This report was part of a consultation on all NHS Digital publications in 2016. There were proposals for changes to this report in section A6.

In response to user feedback gathered from this consultation the report has now been reformatted with extensive written content being replaced by headline results and associated graphics. These presentation techniques are in line with other reports already being produced by NHS Digital which have received positive feedback from users.

The 2015/16 report underwent a review managed by the Government Statistical Service (GSS) Good Practice Team where a team of seven GSS colleagues reviewed the report and made suggestions for improvements. The vast majority of these suggested improvements were implemented.

Ad hoc requests for NCMP data inform the content of published tables during the design and development stage of the publication each year.

NHS Digital is keen to gain a better understanding of the users of this publication and of their needs; feedback is welcome and may be sent to [email protected]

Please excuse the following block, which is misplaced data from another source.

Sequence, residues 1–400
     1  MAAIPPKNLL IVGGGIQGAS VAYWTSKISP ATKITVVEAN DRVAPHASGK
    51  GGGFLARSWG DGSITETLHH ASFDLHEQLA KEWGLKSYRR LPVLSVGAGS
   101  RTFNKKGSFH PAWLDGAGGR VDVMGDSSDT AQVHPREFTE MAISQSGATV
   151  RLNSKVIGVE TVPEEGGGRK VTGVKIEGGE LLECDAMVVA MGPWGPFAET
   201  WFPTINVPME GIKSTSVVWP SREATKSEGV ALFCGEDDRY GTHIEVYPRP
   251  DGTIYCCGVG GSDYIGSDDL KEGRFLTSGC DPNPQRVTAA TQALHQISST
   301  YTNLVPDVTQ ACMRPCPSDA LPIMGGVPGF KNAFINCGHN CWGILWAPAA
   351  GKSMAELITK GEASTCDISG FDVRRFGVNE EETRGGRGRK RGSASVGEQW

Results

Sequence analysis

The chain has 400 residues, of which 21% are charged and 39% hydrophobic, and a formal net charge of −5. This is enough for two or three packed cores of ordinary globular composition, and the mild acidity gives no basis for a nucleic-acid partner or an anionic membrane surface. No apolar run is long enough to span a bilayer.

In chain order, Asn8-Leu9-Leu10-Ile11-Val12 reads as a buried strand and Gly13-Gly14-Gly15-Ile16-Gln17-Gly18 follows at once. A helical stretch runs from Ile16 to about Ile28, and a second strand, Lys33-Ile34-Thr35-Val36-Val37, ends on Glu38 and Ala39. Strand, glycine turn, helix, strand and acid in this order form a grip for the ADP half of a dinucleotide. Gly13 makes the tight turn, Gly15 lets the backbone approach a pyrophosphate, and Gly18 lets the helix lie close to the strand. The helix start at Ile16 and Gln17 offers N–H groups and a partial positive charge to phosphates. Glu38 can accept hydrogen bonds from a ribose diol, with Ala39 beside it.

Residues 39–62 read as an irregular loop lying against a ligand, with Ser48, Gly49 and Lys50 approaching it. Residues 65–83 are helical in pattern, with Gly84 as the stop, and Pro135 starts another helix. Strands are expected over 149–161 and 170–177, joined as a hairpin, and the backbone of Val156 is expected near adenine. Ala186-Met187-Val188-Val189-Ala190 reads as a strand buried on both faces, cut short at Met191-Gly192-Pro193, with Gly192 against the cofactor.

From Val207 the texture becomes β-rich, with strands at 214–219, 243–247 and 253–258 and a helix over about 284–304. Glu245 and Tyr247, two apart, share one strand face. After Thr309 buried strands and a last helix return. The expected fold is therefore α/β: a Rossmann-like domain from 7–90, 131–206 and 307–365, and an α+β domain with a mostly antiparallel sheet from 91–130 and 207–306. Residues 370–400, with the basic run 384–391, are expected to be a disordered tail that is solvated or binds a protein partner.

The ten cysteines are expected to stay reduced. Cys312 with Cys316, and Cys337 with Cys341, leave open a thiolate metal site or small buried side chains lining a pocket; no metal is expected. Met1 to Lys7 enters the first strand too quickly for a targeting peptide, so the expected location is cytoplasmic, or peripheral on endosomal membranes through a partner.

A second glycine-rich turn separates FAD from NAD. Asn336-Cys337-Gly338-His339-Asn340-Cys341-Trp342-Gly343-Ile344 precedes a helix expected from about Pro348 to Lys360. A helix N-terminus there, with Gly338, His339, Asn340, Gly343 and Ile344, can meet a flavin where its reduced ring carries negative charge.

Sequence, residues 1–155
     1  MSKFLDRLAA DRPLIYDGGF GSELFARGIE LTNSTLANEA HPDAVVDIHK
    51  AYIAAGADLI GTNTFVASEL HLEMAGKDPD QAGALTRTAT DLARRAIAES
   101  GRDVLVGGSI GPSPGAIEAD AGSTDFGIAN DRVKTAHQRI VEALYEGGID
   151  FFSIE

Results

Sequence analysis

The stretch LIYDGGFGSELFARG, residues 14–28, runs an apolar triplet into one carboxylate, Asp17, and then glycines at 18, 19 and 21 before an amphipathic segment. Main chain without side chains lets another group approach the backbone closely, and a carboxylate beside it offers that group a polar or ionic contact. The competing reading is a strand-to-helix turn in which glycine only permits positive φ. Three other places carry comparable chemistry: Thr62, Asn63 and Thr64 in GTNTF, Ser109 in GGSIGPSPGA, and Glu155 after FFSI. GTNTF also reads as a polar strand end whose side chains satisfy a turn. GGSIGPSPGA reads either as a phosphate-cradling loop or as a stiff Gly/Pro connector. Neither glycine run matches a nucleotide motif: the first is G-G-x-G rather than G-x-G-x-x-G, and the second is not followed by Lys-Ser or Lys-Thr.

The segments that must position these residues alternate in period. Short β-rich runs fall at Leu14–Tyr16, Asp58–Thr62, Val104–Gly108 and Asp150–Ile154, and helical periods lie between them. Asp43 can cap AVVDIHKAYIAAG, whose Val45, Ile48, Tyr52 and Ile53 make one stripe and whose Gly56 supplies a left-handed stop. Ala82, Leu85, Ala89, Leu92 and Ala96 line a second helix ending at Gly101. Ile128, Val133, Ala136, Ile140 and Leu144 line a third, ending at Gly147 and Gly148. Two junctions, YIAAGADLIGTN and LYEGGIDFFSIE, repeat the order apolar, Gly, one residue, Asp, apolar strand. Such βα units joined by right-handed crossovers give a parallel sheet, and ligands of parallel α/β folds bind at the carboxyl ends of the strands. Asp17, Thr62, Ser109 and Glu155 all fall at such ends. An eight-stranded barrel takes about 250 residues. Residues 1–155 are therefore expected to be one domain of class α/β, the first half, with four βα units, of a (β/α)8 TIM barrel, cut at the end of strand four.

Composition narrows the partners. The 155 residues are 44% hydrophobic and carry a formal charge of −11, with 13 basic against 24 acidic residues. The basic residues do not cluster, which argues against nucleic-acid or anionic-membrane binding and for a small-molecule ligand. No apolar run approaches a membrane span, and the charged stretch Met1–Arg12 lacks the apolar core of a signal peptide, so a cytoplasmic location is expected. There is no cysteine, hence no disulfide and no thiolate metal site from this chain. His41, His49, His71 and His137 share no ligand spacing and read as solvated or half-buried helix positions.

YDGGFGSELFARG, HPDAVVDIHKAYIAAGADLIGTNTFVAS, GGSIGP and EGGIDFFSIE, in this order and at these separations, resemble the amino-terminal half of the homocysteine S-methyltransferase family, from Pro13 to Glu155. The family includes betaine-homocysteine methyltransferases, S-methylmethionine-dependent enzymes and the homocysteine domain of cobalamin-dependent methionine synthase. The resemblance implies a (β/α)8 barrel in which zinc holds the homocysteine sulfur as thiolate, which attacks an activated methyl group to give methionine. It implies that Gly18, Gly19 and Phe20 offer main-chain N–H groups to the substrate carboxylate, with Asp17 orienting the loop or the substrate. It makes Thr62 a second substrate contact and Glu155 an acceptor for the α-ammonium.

Performance, cost and respondent burden

This dimension describes the effectiveness, efficiency and economy of the statistical output.

The NCMP operates on an “opt out” basis. Local authorities send letters to parents of children eligible to participate in the NCMP. This letter sets out the purposes for which the data will be held and used and provides an opportunity for the parent to say they do not want their child to be measured. Children not opted out by their parents or by themselves are then measured and their measurements and other details are entered into the NCMP collection system.

The measurement of children's heights and weights, without shoes and coats and in normal, light, indoor clothing, was overseen by healthcare professionals and undertaken in school by trained staff. OHID provides guidance to local authorities on how to accurately measure height and weight.